Shame have been together just over three years and in that time have become the most viscerally thrilling new band in the UK. They will release their highly anticipated debut album at the start of 2018.
South London school friends Charlie Steen (vocals), Sean Coyle-Smith (guitar), Eddie Green (guitar), Charlie Forbes (drums) and Josh Finerty (bass) formed the band in a practice space at the infamous Queen’s Head in Brixton. Given three long months – rather than the usual six weeks – to fill in June 2014 after their AS levels, starting a band seemed the best use of that time for everyone.
The Queen’s Head was a lawless space where The Fat White Family rehearsed. “We kind of just took refuge there,” says Forbes. “The Fat Whites didn’t really know we existed for a while until we started using their stuff as we didn’t have any instruments.”
It was the filthy incubator that shaped the band and opened their eyes to whole new ways of life as the much older freaks, dropouts and misfits of South London who frequented it treated it like a freewheeling community centre. “You could do whatever you wanted there,” recalls Steen. “Nothing was off limits.”
A pivotal show at The Great Escape in Brighton in 2016 was both disaster and triumph. First, they were threatened with a bill for £700 for damage to a venue. “I tore down a chandelier by swinging on it Adam & The Ants-style,” admits Steen. However, JD Beauvallet of Les Inrockuptibles saw them at that show and wrote an effusive two-page feature on them that helped get them booked at Pitchfork Paris in October and land their first TV appearance on France’s Le Grand Journal. “It was so surreal doing live TV,” says Forbes, “but that was the moment it dawned on us that we might be onto something.”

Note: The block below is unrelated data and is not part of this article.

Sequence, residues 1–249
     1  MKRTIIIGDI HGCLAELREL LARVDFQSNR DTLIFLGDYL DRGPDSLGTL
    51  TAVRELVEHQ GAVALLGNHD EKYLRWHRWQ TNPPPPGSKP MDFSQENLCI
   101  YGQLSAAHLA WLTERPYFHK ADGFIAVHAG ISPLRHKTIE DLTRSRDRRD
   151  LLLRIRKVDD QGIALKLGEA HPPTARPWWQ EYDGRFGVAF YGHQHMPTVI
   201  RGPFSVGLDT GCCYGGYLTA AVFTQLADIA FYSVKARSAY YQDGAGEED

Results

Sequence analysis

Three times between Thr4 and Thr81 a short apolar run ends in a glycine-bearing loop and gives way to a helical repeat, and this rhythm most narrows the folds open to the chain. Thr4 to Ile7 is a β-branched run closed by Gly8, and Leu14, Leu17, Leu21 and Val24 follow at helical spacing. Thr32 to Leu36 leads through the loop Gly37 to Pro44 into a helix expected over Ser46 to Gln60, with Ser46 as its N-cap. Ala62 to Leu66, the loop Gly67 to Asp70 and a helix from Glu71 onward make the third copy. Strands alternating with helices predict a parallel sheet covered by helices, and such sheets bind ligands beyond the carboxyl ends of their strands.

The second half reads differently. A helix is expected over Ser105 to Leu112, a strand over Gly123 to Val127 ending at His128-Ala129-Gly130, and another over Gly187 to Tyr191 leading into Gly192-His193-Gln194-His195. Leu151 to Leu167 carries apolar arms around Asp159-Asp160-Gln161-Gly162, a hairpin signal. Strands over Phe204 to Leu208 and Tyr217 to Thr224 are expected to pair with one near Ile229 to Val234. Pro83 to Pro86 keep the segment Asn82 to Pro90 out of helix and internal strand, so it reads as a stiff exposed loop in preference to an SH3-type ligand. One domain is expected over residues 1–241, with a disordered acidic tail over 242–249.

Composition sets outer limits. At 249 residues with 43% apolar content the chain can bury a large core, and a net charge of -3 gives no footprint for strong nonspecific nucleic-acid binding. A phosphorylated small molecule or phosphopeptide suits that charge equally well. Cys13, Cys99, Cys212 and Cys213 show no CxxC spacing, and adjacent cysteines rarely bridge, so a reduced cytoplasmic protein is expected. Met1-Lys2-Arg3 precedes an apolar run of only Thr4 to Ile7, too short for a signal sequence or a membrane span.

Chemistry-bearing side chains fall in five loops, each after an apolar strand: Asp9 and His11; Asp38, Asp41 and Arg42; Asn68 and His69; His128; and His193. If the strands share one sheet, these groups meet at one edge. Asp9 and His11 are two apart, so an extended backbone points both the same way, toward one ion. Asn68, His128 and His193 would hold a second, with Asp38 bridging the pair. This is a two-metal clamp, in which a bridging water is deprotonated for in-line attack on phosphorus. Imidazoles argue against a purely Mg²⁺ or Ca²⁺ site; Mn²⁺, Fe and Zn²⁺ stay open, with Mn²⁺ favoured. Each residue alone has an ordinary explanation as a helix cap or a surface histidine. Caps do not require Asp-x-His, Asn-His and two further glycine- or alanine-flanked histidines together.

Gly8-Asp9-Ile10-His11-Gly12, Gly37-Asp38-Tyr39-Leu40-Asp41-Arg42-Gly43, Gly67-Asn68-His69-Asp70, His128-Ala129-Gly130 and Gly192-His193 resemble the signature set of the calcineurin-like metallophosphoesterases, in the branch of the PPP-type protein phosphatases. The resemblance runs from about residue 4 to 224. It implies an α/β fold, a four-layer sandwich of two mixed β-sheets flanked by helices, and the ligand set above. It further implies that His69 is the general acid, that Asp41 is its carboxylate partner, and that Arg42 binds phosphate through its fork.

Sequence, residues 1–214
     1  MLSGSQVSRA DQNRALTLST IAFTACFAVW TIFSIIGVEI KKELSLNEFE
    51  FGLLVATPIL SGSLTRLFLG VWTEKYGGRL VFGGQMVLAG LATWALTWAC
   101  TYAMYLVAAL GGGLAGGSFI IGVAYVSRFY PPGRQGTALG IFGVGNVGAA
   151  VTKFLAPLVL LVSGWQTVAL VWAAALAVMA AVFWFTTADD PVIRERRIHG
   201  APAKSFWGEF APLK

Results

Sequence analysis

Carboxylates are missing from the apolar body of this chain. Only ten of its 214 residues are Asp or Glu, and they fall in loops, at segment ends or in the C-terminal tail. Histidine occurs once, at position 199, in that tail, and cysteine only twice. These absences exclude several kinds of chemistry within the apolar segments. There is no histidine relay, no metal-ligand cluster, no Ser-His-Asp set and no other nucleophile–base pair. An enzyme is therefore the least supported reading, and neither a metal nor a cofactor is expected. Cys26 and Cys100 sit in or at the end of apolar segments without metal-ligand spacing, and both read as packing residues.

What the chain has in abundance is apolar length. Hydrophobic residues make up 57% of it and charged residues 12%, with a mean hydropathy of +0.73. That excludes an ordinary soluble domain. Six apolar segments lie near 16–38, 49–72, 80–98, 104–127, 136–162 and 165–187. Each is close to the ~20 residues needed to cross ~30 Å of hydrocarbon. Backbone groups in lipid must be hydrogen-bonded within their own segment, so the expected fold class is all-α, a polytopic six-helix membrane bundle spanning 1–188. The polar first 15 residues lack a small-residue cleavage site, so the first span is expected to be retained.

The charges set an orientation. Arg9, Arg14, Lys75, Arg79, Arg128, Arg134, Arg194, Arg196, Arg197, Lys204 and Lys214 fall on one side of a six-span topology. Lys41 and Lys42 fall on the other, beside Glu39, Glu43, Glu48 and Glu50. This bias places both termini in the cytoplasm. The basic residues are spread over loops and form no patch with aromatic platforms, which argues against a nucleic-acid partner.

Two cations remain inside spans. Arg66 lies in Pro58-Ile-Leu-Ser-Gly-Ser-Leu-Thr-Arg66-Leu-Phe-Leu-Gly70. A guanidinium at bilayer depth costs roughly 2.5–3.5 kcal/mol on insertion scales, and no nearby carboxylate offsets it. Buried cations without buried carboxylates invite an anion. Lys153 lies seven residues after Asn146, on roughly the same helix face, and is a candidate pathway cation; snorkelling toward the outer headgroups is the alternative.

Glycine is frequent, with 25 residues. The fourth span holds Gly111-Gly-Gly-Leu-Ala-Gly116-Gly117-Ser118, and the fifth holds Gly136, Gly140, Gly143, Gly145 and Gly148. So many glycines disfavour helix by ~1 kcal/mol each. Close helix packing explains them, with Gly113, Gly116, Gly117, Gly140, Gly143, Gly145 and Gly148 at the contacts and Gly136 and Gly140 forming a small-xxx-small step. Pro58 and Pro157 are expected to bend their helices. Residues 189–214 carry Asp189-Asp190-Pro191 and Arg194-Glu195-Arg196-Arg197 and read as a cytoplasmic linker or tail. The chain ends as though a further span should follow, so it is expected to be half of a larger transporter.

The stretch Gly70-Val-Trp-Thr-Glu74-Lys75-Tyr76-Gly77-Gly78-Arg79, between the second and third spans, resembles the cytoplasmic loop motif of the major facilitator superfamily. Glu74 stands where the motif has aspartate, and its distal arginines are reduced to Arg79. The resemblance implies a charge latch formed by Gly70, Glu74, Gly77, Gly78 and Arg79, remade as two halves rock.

Warpaint, having seen them at Pitchfork Paris, gave the band a support slot on their UK tour in March 2017. As a band that is rarely off the road, they have played over 47 festivals this year and “well over” 130 shows in total. “We have always wanted people to talk about the show after they have watched us,” says Forbes. “If you are talking about it we have done something right.”
After fielding multiple record label offers, Shame signed with Dead Oceans in early 2017. They recorded debut album Songs Of Praise in Rockfield in Wales in 10 days. At just 10 tracks and a run time of 39 minutes, it’s a compression of everything they are about. “We wanted our first album to be concise and to the point,” says Steen. “No bullshit.”